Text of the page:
For my book, I’ve been thinking about a few industries that I think are impervious to social, Google-age, web-2.0, VRM goodness; we are bound to hate them.
Take insurance. I can’t see any way that I’m going to see insurance as a social experience. Jeremiah Owyang went looking and came up pretty much empty-handed.
The problem is, of course, that the insurance industry is built around getting us to take a sucker bet. Indeed, it’s a bet we want to lose. Nobody wants to have a legitimate reason to collect collision, fire, flood, health (apart from preventive care), or certainly life insurance. Worse than Vegas, we know that the industry stacks the odds against us; that’s the essence of its business and it is open about that. If we don’t collect, we are losers (we’ve lost our money) — and we we do collect, we’re still losers. The industry has to treat us like liars, only reluctantly giving us back the money we paid in. They make it all overcomplicated so we don’t know just how screwed we’re getting and so we make more safe (for them) bets. But we can’t afford to do without them. Insurance is our hedge.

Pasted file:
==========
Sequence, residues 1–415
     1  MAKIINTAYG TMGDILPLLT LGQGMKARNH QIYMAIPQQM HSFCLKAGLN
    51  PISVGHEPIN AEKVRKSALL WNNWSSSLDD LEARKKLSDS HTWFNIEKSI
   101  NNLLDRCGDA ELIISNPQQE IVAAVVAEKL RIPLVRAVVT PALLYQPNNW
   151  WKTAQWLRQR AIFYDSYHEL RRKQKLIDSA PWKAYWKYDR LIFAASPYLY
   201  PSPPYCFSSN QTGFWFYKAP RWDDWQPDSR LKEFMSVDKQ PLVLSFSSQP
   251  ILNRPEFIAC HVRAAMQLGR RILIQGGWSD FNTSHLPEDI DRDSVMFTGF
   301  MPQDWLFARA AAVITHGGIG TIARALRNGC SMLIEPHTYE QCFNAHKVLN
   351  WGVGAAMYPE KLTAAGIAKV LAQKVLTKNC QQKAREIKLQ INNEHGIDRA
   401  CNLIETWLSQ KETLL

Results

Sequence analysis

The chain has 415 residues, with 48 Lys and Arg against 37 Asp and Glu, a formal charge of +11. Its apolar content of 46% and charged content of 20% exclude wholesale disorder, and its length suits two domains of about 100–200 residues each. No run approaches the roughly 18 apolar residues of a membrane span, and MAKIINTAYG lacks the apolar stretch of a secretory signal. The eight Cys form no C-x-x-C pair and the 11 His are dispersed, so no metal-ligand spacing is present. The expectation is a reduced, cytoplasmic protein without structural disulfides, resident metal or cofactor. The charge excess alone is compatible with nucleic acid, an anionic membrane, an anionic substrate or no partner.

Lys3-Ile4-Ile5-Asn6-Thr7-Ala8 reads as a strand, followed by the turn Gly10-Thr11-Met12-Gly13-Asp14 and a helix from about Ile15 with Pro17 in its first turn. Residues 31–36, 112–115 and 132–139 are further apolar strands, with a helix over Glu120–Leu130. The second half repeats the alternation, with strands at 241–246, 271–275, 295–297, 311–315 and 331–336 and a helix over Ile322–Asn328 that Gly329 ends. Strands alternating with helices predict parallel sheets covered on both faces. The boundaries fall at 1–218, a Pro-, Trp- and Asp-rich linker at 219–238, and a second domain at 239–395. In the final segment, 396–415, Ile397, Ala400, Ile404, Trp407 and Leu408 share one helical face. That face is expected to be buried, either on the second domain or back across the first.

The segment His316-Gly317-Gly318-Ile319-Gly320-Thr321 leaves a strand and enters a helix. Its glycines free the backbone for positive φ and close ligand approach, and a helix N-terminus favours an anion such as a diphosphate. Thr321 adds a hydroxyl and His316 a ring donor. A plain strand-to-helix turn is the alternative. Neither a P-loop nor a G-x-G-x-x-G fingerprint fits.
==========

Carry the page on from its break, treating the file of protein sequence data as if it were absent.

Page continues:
So can you imagine what insurance 2.0 would look like? I can’t. I can imagine that we use social tools to gang up on the insurance industry, to, for example, create groups to take advantage of their rules or to decipher fine print for each other (but that’s really the antiinsurance). Could I imagine a truly cooperative, social insurance company where we insure each other — microinsurance? Frankly, no. There’s too much mistrust involved, too much suspicion of gaming and fraud; that negates the possibility of a system of social trust. Is there any point in having a MyAllstateIdeas, a la MyStarbucksIdeas, to work collaboratively with insurance companies? No. What am I going to suggest — make less and charge me less? Am I going to invent new products to give them money? (Gee, maybe I should insure my blog.)
No, I think our relationship with an insurance company is necessarily adversarial and one of mutual mistrust.
I come to the same conclusion about the law. Can you imagine the 2.0 lawyer? I can’t. They, too, are adversarial by definition.
So two questions: Could you imagine insurance 2.0?
And what other industries are similarly impervious to the possibility of our collaboration and affection?